Last week, I profiled a Conservative, and this week I chose one of the most respected Progressives in the Nebraska Democratic Party. Like the Conservative, I chose this person for authenticity – meaning I believe she means what she says. She is a good friend. She makes me feel warm and happy every time we’re together. She is compassionate, committed and deeply supportive of those less fortunate. I just love her. Her views don’t seem to fit the mainstream of Nebraska political thought, but she doesn’t see it that way. She’s very optimistic about the prospect of working with Republicans to get things done.
But how do her views on Racism, Immigration, Health Care and Climate Change compare to the Conservative Nebraskan I interviewed last week? What does she really believe would be fertile ground on which to compromise? She’s committed and engaged, so let’s drill down and see what she really believes.
Like last week, my first questions were on racism in America and racism in the Party, and her words and thoughts were almost exactly the same as my Conservative friend. She believes racism is a problem for everyone everywhere, and she doesn’t see it as a Democratic issue or a Republican issue. She sees it as a human issue. Among the people she knows, she sees no outward or overt racism, but believes the Party has a lot of internal work to do in eliminating our cultural microaggressions.
Throughout this process, Immigration was the only issue in which I found fundamental differences that would make it almost impossible to find common ground. My Progressive friend believes that creating borders to stop people from naturally migrating to find better economic opportunities is essentially immoral. Most of us are reluctant to say the words out loud, but she supports open borders as it relates to immigration. That's okay. There is a strong moral case to be made on which to base that political position. My Conservative friend, on the other hand, was happy to consider very charitable solutions to keeping undocumented aliens in the U.S., but was emphatic that our borders be controlled. Clearly, this is an issue that will take a lot more honest debate before we can close the gap in our respective viewpoints.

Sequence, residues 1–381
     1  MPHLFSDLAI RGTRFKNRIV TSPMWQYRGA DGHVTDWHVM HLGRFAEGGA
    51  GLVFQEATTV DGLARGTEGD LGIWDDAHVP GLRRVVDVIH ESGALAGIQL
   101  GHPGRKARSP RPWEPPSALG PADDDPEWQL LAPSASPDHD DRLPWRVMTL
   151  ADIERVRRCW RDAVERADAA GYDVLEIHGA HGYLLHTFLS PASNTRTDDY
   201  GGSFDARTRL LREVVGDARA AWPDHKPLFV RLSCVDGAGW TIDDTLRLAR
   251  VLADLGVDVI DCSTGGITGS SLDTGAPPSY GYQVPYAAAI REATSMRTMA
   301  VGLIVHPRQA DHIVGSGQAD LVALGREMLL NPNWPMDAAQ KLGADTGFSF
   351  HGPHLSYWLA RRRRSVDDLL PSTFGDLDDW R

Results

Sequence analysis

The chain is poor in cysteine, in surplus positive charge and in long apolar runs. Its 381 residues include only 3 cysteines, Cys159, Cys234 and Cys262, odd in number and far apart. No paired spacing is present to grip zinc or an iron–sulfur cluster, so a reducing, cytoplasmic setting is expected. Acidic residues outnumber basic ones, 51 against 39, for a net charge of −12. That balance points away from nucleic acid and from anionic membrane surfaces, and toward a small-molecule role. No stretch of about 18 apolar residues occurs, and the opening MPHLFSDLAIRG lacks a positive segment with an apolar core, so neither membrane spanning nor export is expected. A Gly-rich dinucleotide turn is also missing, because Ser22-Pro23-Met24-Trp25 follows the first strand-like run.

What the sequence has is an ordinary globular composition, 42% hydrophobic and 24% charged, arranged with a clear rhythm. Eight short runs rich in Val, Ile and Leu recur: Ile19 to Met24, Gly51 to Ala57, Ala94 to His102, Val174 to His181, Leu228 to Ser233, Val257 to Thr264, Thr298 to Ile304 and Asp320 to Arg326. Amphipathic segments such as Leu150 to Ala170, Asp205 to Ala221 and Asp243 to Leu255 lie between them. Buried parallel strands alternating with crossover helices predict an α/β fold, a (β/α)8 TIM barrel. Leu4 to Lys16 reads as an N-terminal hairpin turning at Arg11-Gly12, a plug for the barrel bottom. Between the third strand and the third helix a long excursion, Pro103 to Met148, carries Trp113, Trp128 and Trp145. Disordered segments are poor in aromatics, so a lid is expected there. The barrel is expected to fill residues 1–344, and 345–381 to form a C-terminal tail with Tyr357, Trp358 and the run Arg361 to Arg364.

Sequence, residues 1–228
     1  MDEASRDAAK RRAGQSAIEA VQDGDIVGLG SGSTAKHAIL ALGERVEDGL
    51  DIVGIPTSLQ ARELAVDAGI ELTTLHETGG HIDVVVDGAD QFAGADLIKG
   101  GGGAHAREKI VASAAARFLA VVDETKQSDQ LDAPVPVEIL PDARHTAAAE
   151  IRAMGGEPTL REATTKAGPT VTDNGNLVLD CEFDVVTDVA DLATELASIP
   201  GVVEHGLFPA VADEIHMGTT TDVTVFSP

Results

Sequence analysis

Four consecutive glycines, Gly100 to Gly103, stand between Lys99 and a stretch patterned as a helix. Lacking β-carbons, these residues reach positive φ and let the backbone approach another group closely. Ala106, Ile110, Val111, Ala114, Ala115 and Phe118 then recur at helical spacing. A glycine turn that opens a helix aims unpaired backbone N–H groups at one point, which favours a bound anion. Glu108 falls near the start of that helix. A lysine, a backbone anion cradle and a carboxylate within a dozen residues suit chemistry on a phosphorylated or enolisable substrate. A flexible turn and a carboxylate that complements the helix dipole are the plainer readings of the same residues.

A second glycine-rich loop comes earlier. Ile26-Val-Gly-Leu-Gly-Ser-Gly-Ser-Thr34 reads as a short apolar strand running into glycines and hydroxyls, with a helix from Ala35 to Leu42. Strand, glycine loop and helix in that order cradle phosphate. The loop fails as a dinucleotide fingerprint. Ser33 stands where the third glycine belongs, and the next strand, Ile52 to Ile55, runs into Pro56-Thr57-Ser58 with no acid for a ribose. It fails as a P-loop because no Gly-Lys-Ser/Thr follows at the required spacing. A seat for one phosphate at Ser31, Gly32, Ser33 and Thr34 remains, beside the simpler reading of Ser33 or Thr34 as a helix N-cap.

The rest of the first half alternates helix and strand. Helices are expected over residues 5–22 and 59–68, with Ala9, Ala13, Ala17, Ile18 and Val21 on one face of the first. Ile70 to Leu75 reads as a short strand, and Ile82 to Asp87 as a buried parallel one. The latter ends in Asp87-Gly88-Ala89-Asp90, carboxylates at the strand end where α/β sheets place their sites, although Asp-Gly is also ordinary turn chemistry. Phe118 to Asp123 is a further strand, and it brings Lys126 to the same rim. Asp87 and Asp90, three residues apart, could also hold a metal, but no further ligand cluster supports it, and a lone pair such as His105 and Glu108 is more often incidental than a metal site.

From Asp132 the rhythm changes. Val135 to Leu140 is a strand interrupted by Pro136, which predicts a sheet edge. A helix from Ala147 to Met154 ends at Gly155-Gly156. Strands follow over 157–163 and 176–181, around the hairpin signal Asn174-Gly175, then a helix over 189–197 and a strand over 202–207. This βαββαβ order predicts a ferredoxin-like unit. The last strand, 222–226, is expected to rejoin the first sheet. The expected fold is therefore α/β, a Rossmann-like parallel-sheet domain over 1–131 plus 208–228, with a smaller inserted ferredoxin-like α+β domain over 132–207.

My Progressive friend favors Medicare for All. She supported Elizabeth Warren’s plan and numbers. However, if it meant extending coverage to all Americans – a universal health care hybrid plan of some sort that protected those with preexisting conditions and undocumented workers, she would be willing to compromise away Medicare for All to get there. Of course, health care is filled with complexity and satellite issues that would need to be addressed, but I found a willingness on the parts of both my Conservative friend and my Progressive friend to get there.
The Green New Deal, a resolution to address climate change and poverty on a dramatic scale, is supported by my Progressive Friend 100 percent. However, she points out very clearly that it is a resolution and not a finished policy proposal. As Speaker Pelosi said, it’s “an aspirational document.” She believes the major problem is an outrageous misconception about what the Green New Deal is all about. “We must dispel misinformation,” she says. “No one wants to get rid of cows. What we are simply saying is that we need to farm or ranch in a way that is not hurting the environment.” I asked her specifically if she saw Republicans as “science deniers?” She scoffed at the assumption. “It simply isn’t true,” she said. “When I meet Republicans in person, they are not science deniers.” Again, she points to disinformation as the core of the problem.
As I traversed the ins and outs of this experiment, I found fascinating assumptions from both sides on what the other side believes. In all cases, the more extreme the assumptions were, the more incorrect they were. Remember both of these subjects are totally committed to their side of the political divide. Their views are more committed to the Right or Left perspective than the mainstream, and yet, they were remarkably willing to compromise to find solutions. However, in both cases I discovered a reliance on a media narrative to describe the other side that was almost completely inaccurate.
I know from experience, the more I try to question the media narrative and try to see the opposition as real people, the more I get push-back or even hateful condemnation from my political allies. It is both absurd and non-democratic. So, as we move forward together, try not to get too wrapped-up in what you see on television or hear on the radio about the other side. Instead, talk to your Conservative neighbor and see what he or she really thinks, and then believe, because it’s true, that we’re just not that far apart.
Photo courtesy of medium.com